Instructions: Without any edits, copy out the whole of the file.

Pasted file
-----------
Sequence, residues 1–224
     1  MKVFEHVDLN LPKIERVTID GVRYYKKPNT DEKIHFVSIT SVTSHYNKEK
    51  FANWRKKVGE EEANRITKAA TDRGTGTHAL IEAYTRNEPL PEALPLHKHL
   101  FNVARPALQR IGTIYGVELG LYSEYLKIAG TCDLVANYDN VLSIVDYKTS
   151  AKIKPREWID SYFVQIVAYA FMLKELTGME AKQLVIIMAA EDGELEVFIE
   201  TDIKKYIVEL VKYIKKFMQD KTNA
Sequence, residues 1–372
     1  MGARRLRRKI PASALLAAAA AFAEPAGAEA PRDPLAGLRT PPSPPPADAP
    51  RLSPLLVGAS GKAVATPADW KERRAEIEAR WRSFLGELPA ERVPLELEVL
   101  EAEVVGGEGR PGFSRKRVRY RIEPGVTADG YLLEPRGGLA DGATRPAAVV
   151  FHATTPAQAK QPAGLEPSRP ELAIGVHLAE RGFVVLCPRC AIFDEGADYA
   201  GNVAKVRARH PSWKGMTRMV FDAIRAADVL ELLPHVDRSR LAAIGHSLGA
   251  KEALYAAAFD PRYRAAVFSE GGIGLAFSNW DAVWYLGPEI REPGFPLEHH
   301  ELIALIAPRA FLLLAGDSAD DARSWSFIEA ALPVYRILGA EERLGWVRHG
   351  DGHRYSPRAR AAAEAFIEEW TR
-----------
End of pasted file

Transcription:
Sequence, residues 1–224
     1  MKVFEHVDLN LPKIERVTID GVRYYKKPNT DEKIHFVSIT SVTSHYNKEK
    51  FANWRKKVGE EEANRITKAA TDRGTGTHAL IEAYTRNEPL PEALPLHKHL
   101  FNVARPALQR IGTIYGVELG LYSEYLKIAG TCDLVANYDN VLSIVDYKTS
   151  AKIKPREWID SYFVQIVAYA FMLKELTGME AKQLVIIMAA EDGELEVFIE
   201  TDIKKYIVEL VKYIKKFMQD KTNA
Sequence, residues 1–372
     1  MGARRLRRKI PASALLAAAA AFAEPAGAEA PRDPLAGLRT PPSPPPADAP
    51  RLSPLLVGAS GKAVATPADW KERRAEIEAR WRSFLGELPA ERVPLELEVL
   101  EAEVVGGEGR PGFSRKRVRY RIEPGVTADG YLLEPRGGLA DGATRPAAVV
   151  FHATTPAQAK QPAGLEPSRP ELAIGVHLAE RGFVVLCPRC AIFDEGADYA
   201  GNVAKVRARH PSWKGMTRMV FDAIRAADVL ELLPHVDRSR LAAIGHSLGA
   251  KEALYAAAFD PRYRAAVFSE GGIGLAFSNW DAVWYLGPEI REPGFPLEHH
   301  ELIALIAPRA FLLLAGDSAD DARSWSFIEA ALPVYRILGA EERLGWVRHG
   351  DGHRYSPRAR AAAEAFIEEW TR